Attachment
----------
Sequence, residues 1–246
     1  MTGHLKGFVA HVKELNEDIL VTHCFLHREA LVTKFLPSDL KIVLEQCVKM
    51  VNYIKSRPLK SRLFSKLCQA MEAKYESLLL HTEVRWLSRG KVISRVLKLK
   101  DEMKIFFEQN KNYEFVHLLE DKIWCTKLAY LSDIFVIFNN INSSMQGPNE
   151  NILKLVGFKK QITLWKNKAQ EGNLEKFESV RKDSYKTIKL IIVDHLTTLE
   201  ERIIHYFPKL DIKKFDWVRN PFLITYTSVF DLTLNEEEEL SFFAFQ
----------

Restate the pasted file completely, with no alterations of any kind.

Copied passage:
Sequence, residues 1–246
     1  MTGHLKGFVA HVKELNEDIL VTHCFLHREA LVTKFLPSDL KIVLEQCVKM
    51  VNYIKSRPLK SRLFSKLCQA MEAKYESLLL HTEVRWLSRG KVISRVLKLK
   101  DEMKIFFEQN KNYEFVHLLE DKIWCTKLAY LSDIFVIFNN INSSMQGPNE
   151  NILKLVGFKK QITLWKNKAQ EGNLEKFESV RKDSYKTIKL IIVDHLTTLE
   201  ERIIHYFPKL DIKKFDWVRN PFLITYTSVF DLTLNEEEEL SFFAFQ